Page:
Academics, experts, spokespeople, business owners–many of them publish non-fiction books. To look at these books as one giant group of promotable content packs is to ignore the fact that there is likely a “best way” to sell your book. There is not a set of “book media” who generically cover anything that is made between paper covers. And there is no giant pool of people who are awaiting the next “book”. There is much more to the story. How the book is structured and what it is about will determine how you sell it. Some books are idea driven, others are more “how-to” focused. Some are both. Do you know which one applies to you?
Is it an idea book, a how-to or both? It is one thing to pitch a mystery novel or a book on weight loss. It is an entirely different approach if what you want to sell is a new concept or a new spin on something we all know. Let’s break it down with one of the more difficult “idea” categories using some of my favorite tools from economics class.
Faux Title Study I: Selling The How-to Book
“Dominating the Widget Market for Investors”
Let’s say you are publicizing a book about investing in the widget market. Your book describes the market, it’s history, sample strategies, tips, potential outcomes, etc. It is a prescriptive book that can help people make money from widgets, and in general help them learn more about the stock market.
You would likely employ a strategy that included:
a “top ten strategies/tips” list
soliciting radio interviews
pitching long lead magazines and soft financial publications for the average investor,
trying to get on a morning TV show or other talk show that features self-improvement topics
outreach to digital networks about making money in the market
With this book you have a clear direction and advice you can impart. You are also directing your message to digital and traditional communities that want to know how to improve their financial situations. Now let’s look at the other side of the coin.
Faux Title Study 2:Selling The Big Idea Book
“Dominating the Widget Market in a Changing World”
This book is similar to the first in that the author talks about the market and history of the widget industry. He will also probably share some case studies of investors both successful and unsuccessful as a way of illustrating the changes. Theories of the future of widgets and why things are or are not improving will be in the book. The conclusion may be more gray than black/white and the author will present a picture of what things are going to look like. He may also suggest ways we might adjust to allow for a more (or less) volatile environment.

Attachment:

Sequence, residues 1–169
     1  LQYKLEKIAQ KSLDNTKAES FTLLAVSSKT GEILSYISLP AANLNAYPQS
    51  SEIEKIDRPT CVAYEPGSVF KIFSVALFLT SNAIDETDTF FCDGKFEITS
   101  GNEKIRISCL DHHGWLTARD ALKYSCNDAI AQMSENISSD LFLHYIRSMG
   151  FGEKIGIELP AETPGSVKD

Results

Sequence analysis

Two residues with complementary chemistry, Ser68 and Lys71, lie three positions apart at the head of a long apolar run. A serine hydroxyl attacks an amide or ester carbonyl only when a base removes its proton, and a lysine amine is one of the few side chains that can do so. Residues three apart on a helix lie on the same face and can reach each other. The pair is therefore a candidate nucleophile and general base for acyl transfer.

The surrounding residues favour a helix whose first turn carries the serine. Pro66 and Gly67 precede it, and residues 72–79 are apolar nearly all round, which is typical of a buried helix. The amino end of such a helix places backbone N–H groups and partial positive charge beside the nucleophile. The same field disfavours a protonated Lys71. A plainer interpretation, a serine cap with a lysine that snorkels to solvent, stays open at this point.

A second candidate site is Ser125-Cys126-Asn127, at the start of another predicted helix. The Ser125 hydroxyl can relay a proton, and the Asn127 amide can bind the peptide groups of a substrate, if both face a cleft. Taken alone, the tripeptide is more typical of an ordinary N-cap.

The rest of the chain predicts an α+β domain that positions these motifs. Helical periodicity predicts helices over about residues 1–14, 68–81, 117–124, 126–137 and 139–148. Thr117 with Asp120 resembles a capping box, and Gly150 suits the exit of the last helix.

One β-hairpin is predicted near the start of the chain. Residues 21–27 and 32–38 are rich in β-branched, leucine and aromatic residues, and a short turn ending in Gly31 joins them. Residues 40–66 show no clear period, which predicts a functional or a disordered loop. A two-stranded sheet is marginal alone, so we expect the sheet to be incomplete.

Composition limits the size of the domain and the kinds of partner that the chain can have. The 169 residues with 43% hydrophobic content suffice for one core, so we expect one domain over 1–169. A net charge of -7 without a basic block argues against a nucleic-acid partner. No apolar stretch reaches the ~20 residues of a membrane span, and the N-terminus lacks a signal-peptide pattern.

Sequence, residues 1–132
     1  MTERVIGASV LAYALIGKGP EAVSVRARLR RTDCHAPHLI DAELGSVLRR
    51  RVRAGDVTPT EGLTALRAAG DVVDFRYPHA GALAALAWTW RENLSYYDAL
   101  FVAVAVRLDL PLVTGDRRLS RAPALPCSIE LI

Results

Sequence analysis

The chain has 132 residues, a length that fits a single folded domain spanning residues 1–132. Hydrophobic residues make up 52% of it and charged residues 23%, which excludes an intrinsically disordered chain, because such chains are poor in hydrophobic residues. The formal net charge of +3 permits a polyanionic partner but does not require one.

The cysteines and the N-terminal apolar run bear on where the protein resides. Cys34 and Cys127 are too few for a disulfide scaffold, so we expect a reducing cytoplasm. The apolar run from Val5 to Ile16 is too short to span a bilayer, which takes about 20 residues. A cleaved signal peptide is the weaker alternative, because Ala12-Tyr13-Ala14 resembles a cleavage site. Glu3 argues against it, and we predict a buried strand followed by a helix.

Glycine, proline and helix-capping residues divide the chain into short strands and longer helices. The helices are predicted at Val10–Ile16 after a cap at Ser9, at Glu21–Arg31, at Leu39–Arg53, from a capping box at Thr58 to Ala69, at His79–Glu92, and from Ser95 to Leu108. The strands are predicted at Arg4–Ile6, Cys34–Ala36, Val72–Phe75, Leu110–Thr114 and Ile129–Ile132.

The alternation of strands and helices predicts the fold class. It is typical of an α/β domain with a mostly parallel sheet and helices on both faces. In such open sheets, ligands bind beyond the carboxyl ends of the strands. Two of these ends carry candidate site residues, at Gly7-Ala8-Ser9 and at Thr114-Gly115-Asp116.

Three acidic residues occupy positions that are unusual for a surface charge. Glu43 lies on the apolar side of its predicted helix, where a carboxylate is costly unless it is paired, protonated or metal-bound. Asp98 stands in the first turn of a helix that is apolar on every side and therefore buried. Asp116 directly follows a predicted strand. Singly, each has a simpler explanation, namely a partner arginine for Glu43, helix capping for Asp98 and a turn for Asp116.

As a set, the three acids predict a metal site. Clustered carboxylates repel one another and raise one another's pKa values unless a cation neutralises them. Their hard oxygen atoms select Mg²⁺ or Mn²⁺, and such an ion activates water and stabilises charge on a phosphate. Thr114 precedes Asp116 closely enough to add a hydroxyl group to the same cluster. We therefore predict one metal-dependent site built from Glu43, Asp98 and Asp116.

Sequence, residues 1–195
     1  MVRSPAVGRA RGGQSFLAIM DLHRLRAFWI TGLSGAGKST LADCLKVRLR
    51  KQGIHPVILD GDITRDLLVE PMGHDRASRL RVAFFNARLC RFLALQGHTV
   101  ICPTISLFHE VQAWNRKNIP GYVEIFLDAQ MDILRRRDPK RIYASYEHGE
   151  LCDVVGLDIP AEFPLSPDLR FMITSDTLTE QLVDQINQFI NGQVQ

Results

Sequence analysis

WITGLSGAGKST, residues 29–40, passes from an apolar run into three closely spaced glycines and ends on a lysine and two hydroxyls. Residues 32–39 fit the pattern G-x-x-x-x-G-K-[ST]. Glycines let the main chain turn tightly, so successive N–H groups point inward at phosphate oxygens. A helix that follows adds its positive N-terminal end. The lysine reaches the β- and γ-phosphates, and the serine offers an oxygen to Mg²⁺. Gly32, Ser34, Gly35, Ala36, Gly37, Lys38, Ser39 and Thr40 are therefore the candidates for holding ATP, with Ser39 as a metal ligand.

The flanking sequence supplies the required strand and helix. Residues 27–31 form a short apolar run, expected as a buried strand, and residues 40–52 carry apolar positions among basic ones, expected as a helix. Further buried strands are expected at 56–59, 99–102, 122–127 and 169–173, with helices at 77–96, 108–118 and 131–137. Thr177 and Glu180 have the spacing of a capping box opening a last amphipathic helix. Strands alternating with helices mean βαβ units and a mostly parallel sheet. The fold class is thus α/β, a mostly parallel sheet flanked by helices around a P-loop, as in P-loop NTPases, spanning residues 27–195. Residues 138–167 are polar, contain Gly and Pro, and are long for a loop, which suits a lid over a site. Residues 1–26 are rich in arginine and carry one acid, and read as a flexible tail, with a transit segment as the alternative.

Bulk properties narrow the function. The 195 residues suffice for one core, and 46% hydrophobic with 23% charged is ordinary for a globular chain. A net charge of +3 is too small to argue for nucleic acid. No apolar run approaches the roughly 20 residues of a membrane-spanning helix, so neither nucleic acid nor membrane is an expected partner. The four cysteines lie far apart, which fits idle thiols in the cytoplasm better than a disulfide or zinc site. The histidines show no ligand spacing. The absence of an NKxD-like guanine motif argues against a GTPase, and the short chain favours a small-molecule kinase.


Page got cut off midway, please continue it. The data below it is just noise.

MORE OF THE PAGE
What Makes These Books Different?
I’m sure you are getting where I am going with this. Title 1 is a clearer “how-to” offering whereas Title 2 is based on a hypothesis and theory based on research and/or data. There may be some takeaways that suggest what to do, but they will be implied rather than listed as “tips”.
Clearly these are simplistic examples, but I run into this all the time. The thing is, we almost always want to try to promote the theory the same way we would promote the prescriptive, and it just doesn’t work. First of all, authors who are writing about theory usually have a combination of academic and applied credentials. They generally don’t want to give people “advice”. The kind of interview where “tips” are the goal is often awkward for this kind of person.
The other author loves giving workshops and presentations about how to do things better. For her topic, how we got here isn’t as important as what we are going to do about it.
It is challenging to make these distinctions, but it is important. If you do, you will be much more focused. You will see your path to selling your ideas and achieving your goals.
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